Microbiology anyone?

I am taking a Microbiology course this summer. I got the second highest score on the first test and then I have been getting near the average since on the last two tests. I am really frustrated because I felt really good about my last test and then I looked online and saw that I got an average score. When I looked over the answer key my professor posted, I noticed that he had a lot of (10 out of 60)

e.) none of the above

as the correct choice. I hate the way he tests. It feels like his goal is to trick you.

I am really stressed out because I really wanted to get an A in this course.

I got a BFA in 2005 and then worked on my pre-med coursework for 2 years. I got straight B’s. My med school of choice said that I need to get 2 years of A’s before I apply in order to show an upward trend. This course is testing if I can get an A and work full-time. I told myself that if I do not get an A, I should throw in the towel. I just do not know what I am doing wrong. I study a lot, record the lecture and listen to, it just seems like I suck at understanding the intention of the professor on some of his questions. I wish that I could just write down all the stuff I know and get graded on that.

Thanks for taking the time to read this. I really needed to vent, it has been hard for me to move on with my day after seeing my grade on that last test.

In the next couple of weeks I will decide if I will take classes this fall or not.

Is it possible for a professor to not give anyone an A on a test? My professor only looks at the average and says that it is okay. I got the second highest score on a test and it was only a 82%. So, will I be stuck with that low grade or what?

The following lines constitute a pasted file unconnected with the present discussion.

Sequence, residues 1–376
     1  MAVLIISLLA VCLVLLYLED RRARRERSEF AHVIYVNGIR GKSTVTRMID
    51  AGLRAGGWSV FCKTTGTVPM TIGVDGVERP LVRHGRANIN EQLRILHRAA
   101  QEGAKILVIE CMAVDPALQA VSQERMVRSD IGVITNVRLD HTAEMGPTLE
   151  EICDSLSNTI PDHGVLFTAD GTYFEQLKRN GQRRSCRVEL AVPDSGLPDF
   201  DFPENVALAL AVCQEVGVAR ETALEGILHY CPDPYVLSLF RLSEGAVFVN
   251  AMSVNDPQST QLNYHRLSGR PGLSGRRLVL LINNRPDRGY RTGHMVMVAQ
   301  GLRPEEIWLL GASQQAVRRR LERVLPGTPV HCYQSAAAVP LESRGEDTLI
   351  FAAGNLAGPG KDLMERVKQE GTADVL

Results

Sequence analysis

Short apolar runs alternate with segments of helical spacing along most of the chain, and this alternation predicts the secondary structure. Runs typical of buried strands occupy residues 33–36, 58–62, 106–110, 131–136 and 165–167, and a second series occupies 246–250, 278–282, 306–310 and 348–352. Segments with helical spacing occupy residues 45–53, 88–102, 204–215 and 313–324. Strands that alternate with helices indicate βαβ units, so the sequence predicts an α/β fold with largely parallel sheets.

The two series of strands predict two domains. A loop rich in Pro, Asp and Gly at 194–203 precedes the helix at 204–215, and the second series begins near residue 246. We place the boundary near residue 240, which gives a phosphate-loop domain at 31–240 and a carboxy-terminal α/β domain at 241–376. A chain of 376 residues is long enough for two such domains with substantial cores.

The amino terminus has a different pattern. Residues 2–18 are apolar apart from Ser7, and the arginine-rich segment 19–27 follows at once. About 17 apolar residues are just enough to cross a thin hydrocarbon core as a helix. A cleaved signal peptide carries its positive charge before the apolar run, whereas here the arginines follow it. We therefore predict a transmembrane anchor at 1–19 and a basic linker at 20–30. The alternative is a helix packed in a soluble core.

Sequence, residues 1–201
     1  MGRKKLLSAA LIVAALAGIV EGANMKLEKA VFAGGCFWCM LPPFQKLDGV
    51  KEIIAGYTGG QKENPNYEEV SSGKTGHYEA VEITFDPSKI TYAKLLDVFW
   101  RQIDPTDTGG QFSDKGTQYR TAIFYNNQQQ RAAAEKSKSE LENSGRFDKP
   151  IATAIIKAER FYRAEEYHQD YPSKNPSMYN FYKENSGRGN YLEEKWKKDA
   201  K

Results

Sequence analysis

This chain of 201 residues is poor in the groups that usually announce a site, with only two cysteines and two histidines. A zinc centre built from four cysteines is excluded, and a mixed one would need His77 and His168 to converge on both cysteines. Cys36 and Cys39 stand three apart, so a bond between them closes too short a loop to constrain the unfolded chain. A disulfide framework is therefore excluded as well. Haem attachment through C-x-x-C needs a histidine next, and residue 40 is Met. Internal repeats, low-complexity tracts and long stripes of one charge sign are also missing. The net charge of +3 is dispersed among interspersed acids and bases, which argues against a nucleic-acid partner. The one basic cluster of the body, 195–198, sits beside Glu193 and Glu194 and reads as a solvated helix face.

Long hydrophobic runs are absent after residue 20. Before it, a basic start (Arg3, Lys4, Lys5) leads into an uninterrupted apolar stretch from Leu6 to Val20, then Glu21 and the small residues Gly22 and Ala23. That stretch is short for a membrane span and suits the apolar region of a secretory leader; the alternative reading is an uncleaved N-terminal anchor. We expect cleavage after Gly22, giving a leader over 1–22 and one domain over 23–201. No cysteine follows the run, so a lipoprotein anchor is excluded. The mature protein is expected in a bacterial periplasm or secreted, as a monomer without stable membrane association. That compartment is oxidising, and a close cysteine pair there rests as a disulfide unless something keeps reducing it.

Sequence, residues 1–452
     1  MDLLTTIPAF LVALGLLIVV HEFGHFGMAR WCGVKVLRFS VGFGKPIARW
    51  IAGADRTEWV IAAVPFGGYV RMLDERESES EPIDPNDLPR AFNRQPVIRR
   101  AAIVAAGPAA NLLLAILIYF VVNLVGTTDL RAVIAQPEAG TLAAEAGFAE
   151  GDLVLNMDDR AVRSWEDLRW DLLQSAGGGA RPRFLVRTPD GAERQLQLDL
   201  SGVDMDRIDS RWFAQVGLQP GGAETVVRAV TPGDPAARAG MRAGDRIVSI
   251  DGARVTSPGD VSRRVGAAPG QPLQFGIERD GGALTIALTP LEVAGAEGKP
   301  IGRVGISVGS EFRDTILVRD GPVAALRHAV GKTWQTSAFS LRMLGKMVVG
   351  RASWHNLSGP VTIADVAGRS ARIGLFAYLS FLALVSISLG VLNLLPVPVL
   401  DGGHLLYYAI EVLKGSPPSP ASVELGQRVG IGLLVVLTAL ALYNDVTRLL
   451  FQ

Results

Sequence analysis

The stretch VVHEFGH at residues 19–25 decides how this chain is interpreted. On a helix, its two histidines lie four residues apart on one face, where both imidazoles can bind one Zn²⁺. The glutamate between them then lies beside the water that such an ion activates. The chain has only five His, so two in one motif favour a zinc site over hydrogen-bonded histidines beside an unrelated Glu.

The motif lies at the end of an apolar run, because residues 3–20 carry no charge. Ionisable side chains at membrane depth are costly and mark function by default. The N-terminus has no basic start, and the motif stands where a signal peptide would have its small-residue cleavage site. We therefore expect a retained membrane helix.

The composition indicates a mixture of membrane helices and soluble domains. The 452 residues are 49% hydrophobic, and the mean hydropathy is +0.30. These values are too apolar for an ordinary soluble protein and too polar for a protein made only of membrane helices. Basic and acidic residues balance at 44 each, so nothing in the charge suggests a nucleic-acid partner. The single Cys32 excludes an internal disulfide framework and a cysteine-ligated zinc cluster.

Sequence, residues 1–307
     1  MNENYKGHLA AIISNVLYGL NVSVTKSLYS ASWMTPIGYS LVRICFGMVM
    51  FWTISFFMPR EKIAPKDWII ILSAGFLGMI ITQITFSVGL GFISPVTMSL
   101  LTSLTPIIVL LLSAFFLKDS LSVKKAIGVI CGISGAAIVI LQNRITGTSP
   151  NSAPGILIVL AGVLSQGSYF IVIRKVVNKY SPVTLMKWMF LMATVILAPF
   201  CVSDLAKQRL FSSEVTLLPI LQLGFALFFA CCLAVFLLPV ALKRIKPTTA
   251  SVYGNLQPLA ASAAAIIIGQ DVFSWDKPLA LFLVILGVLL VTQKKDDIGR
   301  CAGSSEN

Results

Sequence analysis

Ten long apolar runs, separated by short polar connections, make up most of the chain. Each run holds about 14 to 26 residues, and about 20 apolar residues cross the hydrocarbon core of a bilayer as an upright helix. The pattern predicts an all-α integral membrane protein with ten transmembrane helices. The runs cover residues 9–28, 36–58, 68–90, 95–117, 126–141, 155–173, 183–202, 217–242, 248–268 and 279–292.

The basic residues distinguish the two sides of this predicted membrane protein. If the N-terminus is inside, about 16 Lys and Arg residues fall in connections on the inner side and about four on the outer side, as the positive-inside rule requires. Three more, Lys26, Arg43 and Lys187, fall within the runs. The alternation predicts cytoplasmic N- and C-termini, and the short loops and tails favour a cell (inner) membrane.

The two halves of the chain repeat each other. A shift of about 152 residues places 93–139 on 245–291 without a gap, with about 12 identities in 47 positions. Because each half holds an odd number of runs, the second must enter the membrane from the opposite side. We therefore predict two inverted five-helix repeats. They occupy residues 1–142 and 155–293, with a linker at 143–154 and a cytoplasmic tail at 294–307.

If he curves you may be doing fine.

yeah, at times it can seem as though they are trying to trick you…but more so, they are trying to get you to think critically. Although I must say that having that high percentage of none of the above, it is frustrating.

The testing style does not change in medical school…wait until you get the question with 2 right answers, but one is more correct. It is very frustrating.

Good luck!

Rachel Yealy, DO

Hi Sallison…I can completely identify with your frustration. I missed getting an A in my Micro class this past summer by a margin. When I found out, I almost went ballistic, because I got 100% on most of my quizzes, 95% on my lab paper and 100% on my lab homeworks. However, what got me in the end were the exams. There were a couple where I got C’s. Those were because I didn’t have adequate time to finish my exams…this was because my employer would not let me off of work early to get to my exam on time. The class had an entire half hour more time than I did to take the exam. I was rushed and didn’t have time to fully read some questions and so I incorrectly answered them. I can kick myself for it, because I know that if I would have answered just a few more questions right or would have had the entire allotted time on each exam, I would have had an A in the class. What is even more frustrating is that med schools won’t see how well I did overall in the class or how close I was to getting an A. All they will see is that I got a B.

First and foremost, relax. By getting yourself upset you will not be able to think clearly. Next, don’t be so quick to throw in the towel. There are many medical schools in this country and you can still get into medical school if you wanted to.

As for microbiology and the way that your professor tests, the only thing that I can say is: It is what it is. If this is the way that he tests so be it. Medical school will not be easier and some of the answers are going to be none of the above. It appears that the professor is testing to see if you can APPLY what you know and not just WHAT you know. We would all be scholars if we can show the professor what we know. But that is not the case.

In microbiology the secret is repetition. Constantly review the material and do not just memorize. Find commonalities among the organisms. Once you do, then look at the 1 thing that makes it different. There is usually 1 clue to tell you that the answer is this bacteria, that bacteria, or none of the bacteria.

Read the question carefully and mark down the important parts of the question and then try to figure out what is the answer BEFORE looking at the answer. When you find your answer ensure that it is addressing all of the parts of the questions. If none of the answers make sense, then they are wrong and that is when you choose NONE of the Above.